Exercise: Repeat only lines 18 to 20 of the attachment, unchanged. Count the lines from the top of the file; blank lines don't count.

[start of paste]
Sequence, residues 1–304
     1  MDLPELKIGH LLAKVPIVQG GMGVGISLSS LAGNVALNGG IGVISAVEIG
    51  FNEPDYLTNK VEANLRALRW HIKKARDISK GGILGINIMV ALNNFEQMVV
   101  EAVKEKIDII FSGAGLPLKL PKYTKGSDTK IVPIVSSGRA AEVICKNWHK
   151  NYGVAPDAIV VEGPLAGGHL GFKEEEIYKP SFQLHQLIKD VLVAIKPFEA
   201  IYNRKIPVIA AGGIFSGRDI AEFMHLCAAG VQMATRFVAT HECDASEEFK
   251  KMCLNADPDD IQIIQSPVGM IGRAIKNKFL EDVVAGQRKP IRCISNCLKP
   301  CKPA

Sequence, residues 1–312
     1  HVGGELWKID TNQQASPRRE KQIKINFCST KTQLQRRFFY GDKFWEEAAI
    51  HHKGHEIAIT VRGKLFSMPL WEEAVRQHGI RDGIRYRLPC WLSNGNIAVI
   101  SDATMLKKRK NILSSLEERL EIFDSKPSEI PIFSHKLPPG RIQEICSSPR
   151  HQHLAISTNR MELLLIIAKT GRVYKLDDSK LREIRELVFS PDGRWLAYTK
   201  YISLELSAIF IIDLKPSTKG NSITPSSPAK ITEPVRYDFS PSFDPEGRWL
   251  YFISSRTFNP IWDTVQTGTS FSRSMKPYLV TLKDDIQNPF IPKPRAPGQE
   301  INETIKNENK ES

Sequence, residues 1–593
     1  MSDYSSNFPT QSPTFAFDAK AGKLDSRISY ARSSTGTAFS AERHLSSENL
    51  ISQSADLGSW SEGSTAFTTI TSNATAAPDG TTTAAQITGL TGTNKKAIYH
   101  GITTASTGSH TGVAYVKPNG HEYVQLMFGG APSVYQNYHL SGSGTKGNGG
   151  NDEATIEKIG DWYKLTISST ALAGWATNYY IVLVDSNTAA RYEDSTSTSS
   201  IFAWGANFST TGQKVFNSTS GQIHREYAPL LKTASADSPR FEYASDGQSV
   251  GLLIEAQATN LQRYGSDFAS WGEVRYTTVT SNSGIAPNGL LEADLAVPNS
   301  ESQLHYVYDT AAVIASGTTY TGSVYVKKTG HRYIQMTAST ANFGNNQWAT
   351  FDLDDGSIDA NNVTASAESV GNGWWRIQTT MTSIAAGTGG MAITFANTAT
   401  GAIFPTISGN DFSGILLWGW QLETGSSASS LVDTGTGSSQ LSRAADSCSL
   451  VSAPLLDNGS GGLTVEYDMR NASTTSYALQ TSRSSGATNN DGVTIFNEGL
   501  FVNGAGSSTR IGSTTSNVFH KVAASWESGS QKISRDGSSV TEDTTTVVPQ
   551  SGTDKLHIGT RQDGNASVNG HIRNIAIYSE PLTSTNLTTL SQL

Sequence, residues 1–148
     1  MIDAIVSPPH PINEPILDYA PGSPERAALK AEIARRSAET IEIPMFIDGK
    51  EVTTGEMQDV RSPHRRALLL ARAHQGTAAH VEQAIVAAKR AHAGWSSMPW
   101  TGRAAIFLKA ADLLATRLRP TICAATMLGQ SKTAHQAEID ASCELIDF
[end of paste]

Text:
     1  MSDYSSNFPT QSPTFAFDAK AGKLDSRISY ARSSTGTAFS AERHLSSENL
    51  ISQSADLGSW SEGSTAFTTI TSNATAAPDG TTTAAQITGL TGTNKKAIYH
   101  GITTASTGSH TGVAYVKPNG HEYVQLMFGG APSVYQNYHL SGSGTKGNGG